The fighting which broke out recently between Islamist militants and the Lebanese Armed Forces (LAF) in the Palestinian refugee camp of Nahr al-Barid had been widely predicted. This is not the first fighting to take place between militants from the Palestinian camps and the LAF, but rather just the latest and bloodiest round of fighting since the establishment of the refugee camps in the aftermath of Israel’s independence in 1948. The fighting this week, however, is exacerbated by three phenomena that were in place at the time of the camps’ establishment.
First, since 1969, the Palestinian camps have been more or less off-limits to the Lebanese authorities as a result of agreements between Lebanon and other Arab states. The Palestinians in the camp, in other words, are trusted to govern themselves. In exchange, they are accorded few of the political rights enjoyed by others living in Lebanon—the Lebanese themselves included. This precedent, however, has established a situation in which—in the decades prior to the September 11 attacks—the Palestinian refugee camps became a safe haven for both criminals fleeing the Lebanese authorities as well as Islamist militants on their way to jihad or to Lebanon to train. Bernard Rougier, the French academic, chronicled the rise of Islamist radicalism in one of these camps, the bleak Ain al-Helweh camp near Sidon, in his book Everyday Jihad. Rougier relates encountering Algerians, Syrians, Egyptians and any number of other nationalities in the camp while he spent time there conducting research. In the same way, many of those that the LAF has been fighting this week are not, in fact, either Palestinian or Lebanese, but Saudi or of other Arab origin (New TV report, May 21; Reuters, May 23).
Second, the return of jihadis who fought in Iraq since 2003 has exacerbated the spread of violent radicalism in the camps. The jihadis who have returned, whether Lebanese, Palestinian or from elsewhere, come with stories from Iraq and also a militarism that had been largely missing in the heavily Sunni Muslim community of Lebanon prior to 2003.
Third, the fighting that has taken place during the past two weeks is also related to the internal domestic strife in Lebanon. In their efforts to counter the massive popular mobilization of the Hezbollah-led Shiite community, the Sunni leaders of the Saad Hariri-led March 14 coalition have not been above stoking the sectarian fires of Lebanon’s Sunni community. Indeed, at a recent rally to mark the anniversary of the assassination of former Prime Minister Rafiq al-Hariri, the largely Sunni crowd broke out into chants of “Wahad, itnayn! Wahad, itnayn! Rafiq al-Hariri wa Saddam Hussein!” (“One, two! One, two! Rafiq al-Hariri and Saddam Hussein!”). In the largely Sunni port cities of Tripoli and Sidon, tributes to what they consider the Sunni martyr Saddam Hussein—executed by the “Shiite government” in Baghdad—are disturbingly common (al-Akhbar, February 15).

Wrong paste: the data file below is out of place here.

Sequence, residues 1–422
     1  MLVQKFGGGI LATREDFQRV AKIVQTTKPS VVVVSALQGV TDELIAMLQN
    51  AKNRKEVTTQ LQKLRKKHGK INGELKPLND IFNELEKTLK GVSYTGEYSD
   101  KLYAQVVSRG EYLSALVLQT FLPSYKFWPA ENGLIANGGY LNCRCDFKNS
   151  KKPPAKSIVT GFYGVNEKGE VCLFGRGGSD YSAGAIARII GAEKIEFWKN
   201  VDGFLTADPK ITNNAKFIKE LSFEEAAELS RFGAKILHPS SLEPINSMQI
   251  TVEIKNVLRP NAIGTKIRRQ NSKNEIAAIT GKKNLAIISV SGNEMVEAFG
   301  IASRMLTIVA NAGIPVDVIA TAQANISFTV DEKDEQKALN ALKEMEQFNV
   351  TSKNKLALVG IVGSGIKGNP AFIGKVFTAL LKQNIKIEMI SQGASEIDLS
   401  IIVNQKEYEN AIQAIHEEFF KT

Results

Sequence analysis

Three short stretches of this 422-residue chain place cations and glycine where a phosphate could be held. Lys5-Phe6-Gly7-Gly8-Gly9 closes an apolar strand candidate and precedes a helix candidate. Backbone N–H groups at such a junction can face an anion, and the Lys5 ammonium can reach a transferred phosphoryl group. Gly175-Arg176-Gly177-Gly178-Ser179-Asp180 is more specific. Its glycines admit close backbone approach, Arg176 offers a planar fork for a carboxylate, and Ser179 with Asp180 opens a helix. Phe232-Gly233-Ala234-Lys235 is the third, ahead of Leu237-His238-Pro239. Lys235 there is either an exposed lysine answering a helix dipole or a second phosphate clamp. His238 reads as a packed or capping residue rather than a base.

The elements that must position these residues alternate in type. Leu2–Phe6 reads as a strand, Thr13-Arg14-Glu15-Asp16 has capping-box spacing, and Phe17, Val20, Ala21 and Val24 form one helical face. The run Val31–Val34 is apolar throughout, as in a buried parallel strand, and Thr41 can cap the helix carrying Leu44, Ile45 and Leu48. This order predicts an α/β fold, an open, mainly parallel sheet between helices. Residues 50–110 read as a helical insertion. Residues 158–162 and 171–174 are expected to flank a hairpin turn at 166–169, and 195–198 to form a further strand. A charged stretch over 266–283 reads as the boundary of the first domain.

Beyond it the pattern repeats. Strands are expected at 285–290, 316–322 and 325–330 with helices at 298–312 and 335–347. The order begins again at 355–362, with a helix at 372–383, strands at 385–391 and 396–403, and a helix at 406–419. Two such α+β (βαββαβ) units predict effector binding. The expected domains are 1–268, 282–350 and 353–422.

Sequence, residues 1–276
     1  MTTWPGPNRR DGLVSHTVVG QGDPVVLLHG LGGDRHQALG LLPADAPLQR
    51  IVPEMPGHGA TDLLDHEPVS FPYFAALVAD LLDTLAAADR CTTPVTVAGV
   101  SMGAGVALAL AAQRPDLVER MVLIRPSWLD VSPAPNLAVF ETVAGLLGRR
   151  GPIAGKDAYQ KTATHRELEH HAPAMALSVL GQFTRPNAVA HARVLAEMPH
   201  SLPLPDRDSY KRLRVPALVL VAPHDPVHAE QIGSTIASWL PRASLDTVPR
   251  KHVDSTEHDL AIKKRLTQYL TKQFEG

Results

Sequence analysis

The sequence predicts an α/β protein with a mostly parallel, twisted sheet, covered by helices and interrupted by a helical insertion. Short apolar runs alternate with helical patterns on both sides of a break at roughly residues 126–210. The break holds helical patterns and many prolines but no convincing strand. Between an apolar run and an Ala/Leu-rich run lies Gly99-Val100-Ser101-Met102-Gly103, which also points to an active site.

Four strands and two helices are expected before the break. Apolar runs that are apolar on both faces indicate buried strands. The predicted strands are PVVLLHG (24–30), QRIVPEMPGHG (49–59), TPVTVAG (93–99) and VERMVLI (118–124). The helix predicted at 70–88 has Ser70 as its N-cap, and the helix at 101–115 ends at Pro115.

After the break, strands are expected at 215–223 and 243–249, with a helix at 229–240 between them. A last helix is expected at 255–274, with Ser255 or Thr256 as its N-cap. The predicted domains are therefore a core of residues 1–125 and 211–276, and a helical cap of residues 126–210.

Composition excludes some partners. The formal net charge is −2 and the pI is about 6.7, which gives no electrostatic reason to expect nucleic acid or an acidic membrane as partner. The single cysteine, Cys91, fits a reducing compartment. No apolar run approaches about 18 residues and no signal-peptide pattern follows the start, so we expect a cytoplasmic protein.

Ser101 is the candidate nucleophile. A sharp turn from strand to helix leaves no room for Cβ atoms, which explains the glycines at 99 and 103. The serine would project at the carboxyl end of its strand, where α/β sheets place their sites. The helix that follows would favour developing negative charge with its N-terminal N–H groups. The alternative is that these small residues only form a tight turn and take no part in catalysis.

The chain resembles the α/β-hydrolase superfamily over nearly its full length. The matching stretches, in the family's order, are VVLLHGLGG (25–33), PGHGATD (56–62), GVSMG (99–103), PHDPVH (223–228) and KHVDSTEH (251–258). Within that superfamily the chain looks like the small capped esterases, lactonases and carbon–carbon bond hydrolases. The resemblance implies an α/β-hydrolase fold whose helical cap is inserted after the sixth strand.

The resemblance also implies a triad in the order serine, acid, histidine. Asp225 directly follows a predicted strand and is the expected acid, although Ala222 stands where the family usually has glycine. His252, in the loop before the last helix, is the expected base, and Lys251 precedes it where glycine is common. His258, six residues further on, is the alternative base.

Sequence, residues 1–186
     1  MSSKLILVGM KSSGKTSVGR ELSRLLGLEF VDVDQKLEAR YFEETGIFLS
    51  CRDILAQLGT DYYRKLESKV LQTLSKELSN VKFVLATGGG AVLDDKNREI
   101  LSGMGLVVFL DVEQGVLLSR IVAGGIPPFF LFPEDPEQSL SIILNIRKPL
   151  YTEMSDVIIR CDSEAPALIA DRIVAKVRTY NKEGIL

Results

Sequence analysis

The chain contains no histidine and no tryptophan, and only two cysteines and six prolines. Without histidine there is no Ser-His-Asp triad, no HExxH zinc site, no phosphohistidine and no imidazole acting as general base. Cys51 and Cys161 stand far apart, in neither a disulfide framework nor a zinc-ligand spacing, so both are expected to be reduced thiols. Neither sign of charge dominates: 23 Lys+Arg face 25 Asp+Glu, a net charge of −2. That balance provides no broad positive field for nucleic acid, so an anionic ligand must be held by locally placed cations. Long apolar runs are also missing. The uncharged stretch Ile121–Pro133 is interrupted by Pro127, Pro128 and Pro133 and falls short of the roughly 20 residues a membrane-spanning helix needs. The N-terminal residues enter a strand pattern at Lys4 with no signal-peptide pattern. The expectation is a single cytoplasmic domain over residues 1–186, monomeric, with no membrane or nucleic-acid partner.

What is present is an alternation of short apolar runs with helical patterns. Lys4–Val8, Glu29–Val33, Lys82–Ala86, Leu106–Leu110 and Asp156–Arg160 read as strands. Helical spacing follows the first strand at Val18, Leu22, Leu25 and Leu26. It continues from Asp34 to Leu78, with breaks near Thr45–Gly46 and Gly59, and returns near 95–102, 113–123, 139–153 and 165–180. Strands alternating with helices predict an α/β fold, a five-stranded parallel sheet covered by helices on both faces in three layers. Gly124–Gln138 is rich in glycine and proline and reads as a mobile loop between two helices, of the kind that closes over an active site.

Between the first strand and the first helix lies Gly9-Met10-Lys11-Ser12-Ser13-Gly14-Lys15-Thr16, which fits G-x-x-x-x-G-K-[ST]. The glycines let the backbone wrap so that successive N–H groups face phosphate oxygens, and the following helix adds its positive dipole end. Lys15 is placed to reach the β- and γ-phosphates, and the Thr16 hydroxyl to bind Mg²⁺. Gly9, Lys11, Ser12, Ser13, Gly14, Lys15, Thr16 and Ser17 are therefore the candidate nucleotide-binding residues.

Of course, there are other factors in play. Syria certainly benefits from the instability of its western neighbor and former colony. The large explosions that rocked chic neighborhoods in both Christian East Beirut and Sunni West Beirut are suspected to have been planted either by or with the knowledge of Syria and its allies. In the same way, it is not unreasonable to wonder why Syria released the dangerous leader of Fatah al-Islam, Shaker al-Absi, from a Syrian jail even after he was convicted of plotting to destroy assorted targets in Syria (Associated Press, May 24). For their part and quite predictably, Lebanon’s March 14 coalition leaders have been quick to blame the Syrian regime (Daily Star, May 24; al-Akhbar, May 24).
What is clear, however, is that the problem of Islamist militants in Lebanon’s refugee camps is not going to disappear anytime soon. The two biggest worries for all parties in Lebanon are that, one, increasing civilian distress and casualties in Nahr al-Barid will cause the other camps to rise up against the LAF in a show of solidarity, and, two, one or two of these Sunni extremists are now thinking that it is a wise course of action to walk into a Shiite mosque on a Friday afternoon or Christian church on a Sunday with a suicide belt. Unlike Fatah or Hamas in Palestine, extremist groups such as Fatah al-Islam do not have natural constituencies in the camps and thus do not fear retribution or any “red lines.” The situation in Lebanon could get far worse in the coming weeks and months to come.